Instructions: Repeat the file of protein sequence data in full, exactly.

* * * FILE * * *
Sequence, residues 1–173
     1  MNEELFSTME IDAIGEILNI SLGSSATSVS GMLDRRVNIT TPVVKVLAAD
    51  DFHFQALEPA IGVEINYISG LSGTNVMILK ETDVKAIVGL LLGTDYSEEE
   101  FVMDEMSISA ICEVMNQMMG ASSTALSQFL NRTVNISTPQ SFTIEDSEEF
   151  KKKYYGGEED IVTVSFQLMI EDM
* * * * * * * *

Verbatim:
Sequence, residues 1–173
     1  MNEELFSTME IDAIGEILNI SLGSSATSVS GMLDRRVNIT TPVVKVLAAD
    51  DFHFQALEPA IGVEINYISG LSGTNVMILK ETDVKAIVGL LLGTDYSEEE
   101  FVMDEMSISA ICEVMNQMMG ASSTALSQFL NRTVNISTPQ SFTIEDSEEF
   151  KKKYYGGEED IVTVSFQLMI EDM